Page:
Friday, March 11, 2005

Advice from the Pros

For the record, I'm no expert when it comes to this Hollywood thing. I don't have any particularly good advice to give, just my experiences to share. Sometimes, I discover something that works. But, most likely, it works for me only. Occasionally, you might find something that works for me also works for you. And I guess that's why somebody might be interested in reading my stupid musings.

With that said, I just went to a book signing by a professional agent named Tony Martinez. This was a private book signing, so we got to ask a lot of questions. He gave a lot of answers. It sounds like agents hate managers, and vice-versa. But one of the surest ways to screw up your career is to get with a bad manager with a bad reputation.

Anyway, I don't have a manager and who knows if I ever will. But he also said that it's way harder these days for an unknown actor to get anywhere in Hollywood anymore. Why? Because of two basic phenomenons: Reality TV and veteran movie stars doing TV.

These days, many of the new shows and just pilots for new shows require their talent to be name actors -- celebrities. They want someone recognizable, bringing instant familiarity. That's the reason why Paris Hilton has carte blanche in Hollywood now. Everyone knows her, for one reason or another.

So, this agent, who doesn't represent A-listers, has some stories to tell in his new book, which should provide insight for beginners like me. (I've linked the book at the column to the right, along with some other recommendations the author made.) I bought his book yesterday and will begin reading it on the plane later today. Well, that is if they'll let me get on a plane. Apparently Backstage West just issued a recommendation for the book and it's been sold out at Samuel French bookstore ever since. They said that it's like sitting down in a bar with an agent and hearing him speak.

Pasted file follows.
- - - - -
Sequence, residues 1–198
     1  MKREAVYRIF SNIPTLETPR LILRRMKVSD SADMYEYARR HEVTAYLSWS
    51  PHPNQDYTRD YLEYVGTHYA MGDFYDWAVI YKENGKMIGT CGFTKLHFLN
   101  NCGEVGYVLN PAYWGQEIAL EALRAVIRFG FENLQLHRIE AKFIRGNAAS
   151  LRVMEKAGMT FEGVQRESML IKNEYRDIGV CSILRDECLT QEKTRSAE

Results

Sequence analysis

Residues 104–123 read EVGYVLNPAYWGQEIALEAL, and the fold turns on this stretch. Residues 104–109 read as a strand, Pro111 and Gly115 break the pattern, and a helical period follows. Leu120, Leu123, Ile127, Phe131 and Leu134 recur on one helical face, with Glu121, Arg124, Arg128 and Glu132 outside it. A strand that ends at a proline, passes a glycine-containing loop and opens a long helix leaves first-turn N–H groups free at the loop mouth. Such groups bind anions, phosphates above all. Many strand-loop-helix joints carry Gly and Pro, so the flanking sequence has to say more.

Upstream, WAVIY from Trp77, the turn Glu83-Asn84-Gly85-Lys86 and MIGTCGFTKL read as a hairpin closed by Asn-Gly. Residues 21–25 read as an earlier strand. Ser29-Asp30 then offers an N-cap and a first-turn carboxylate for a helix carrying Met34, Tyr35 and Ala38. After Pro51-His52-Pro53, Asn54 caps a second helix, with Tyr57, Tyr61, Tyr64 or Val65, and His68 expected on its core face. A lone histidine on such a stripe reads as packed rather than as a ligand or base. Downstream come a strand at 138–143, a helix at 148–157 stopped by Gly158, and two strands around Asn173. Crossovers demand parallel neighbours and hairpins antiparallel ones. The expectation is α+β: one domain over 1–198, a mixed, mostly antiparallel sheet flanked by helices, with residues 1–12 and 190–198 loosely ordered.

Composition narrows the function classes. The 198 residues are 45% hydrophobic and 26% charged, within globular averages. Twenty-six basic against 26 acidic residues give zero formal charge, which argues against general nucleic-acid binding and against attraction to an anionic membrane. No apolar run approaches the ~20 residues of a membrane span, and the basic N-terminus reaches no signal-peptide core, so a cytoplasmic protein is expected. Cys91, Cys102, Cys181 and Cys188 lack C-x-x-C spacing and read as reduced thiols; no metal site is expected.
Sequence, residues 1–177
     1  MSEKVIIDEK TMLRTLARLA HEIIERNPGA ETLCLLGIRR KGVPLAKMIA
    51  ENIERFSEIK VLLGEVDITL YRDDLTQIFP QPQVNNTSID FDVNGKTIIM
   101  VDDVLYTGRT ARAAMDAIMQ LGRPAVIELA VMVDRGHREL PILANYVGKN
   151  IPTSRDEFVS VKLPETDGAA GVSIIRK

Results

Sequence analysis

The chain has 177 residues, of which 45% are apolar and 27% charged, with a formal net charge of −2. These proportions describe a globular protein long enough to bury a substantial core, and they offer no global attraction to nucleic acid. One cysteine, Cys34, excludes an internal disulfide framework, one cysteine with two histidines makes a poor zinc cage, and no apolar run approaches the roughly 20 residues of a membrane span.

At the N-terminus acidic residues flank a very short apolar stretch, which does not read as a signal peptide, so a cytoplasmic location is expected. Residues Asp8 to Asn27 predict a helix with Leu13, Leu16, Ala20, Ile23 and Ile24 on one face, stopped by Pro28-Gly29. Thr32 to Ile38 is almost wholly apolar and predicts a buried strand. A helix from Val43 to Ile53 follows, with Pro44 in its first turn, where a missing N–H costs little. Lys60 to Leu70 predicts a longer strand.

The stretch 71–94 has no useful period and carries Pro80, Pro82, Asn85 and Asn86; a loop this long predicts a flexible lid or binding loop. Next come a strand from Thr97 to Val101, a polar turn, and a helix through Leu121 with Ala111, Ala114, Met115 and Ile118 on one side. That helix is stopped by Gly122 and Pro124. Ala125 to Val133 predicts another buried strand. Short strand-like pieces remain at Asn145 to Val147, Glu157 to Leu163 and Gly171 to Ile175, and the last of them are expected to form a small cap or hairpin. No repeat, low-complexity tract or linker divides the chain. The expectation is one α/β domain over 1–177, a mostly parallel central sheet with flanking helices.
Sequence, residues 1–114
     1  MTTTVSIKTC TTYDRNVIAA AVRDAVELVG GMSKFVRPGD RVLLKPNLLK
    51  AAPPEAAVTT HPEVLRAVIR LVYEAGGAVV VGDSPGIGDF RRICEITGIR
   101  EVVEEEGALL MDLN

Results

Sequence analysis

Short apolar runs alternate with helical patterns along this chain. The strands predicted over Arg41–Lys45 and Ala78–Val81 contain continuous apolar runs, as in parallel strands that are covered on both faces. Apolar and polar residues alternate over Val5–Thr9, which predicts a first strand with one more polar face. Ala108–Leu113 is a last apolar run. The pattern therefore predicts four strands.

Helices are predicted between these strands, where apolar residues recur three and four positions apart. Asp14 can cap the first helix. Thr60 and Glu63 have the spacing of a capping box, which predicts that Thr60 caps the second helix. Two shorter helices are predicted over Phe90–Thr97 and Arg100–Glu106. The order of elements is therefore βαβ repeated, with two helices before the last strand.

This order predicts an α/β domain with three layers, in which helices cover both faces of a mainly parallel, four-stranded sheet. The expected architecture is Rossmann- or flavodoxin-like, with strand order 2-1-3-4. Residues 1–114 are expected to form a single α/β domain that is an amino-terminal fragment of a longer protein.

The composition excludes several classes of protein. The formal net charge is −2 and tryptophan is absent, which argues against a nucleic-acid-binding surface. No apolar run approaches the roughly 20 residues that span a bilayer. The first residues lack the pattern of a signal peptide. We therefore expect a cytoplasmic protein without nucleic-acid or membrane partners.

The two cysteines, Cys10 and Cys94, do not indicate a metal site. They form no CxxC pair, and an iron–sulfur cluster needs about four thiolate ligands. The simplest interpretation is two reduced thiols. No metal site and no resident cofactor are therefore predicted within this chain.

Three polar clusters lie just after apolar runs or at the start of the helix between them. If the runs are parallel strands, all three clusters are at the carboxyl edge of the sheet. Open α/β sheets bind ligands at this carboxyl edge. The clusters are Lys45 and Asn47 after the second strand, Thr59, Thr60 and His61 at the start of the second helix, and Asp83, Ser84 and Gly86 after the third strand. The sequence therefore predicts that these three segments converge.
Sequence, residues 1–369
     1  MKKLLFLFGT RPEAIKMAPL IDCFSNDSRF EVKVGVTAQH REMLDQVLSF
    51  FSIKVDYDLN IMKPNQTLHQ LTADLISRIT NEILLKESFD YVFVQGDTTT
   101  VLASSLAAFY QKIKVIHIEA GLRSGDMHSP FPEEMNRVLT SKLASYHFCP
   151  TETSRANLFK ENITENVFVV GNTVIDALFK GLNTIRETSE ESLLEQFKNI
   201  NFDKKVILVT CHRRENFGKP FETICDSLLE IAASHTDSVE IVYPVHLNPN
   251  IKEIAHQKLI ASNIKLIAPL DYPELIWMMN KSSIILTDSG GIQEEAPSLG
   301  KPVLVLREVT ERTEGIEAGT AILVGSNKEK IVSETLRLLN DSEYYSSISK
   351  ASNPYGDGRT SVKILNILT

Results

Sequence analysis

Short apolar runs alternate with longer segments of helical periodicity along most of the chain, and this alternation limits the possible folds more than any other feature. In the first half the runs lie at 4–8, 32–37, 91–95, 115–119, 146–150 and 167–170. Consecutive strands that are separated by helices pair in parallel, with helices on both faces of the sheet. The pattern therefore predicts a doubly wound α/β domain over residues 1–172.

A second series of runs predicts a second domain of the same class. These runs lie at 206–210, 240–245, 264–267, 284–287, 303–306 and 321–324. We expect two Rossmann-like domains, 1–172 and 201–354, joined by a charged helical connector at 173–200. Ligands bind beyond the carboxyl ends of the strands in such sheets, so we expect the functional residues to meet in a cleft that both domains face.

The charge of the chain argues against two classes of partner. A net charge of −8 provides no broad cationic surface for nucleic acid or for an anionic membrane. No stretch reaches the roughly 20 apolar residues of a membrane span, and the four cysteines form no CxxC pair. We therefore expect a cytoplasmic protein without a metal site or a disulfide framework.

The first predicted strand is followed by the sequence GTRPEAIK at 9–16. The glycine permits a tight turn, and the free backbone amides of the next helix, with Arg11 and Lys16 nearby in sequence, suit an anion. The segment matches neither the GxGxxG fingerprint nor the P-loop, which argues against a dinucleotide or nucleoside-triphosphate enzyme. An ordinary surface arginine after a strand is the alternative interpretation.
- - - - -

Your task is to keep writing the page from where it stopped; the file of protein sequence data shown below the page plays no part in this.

He gave one anecdote that I want to share. Sean Hayes was an unknown actor with a blank page for a resume. A small boutique agency gave him a chance just on his likeability. So then there was this pilot floating around for several years called Will & Grace. They even shot it a couple of times but no network would touch it. So, along came Sean Hayes and -- BAM -- instant career. I don't watch the show so I don't actually know who Sean Hayes is. I'm guessing he's Will. Then again, he could be Grace.

So with all the doom and gloom being forecasted for the industry, it's the little anecdotes and footnotes of someone making it big that keep you going. But you gotta start somewhere, and you need an agent, just to get in the game. (I'll get to that as soon as I gather my thoughts.)

I used to go to this church in the University District in Seattle. The pastor told this story of the monk who prayed to God to let him win the lottery. So, the lottery came and went and the monk didn't win. The monk asked God about it and God said, "You could've at least bought a ticket."

I should end it there but a friend asked me yesterday to buy flight insurance and put his name as the beneficiary. He said he'd pay me back if the plane landed safely. He claims it's his way of taking care of "everything" for me. And, of course, he'd get to drive a new car to the funeral. But I just called it the $20 Travel Insurance Lottery. I think I won't buy it just to spite him....

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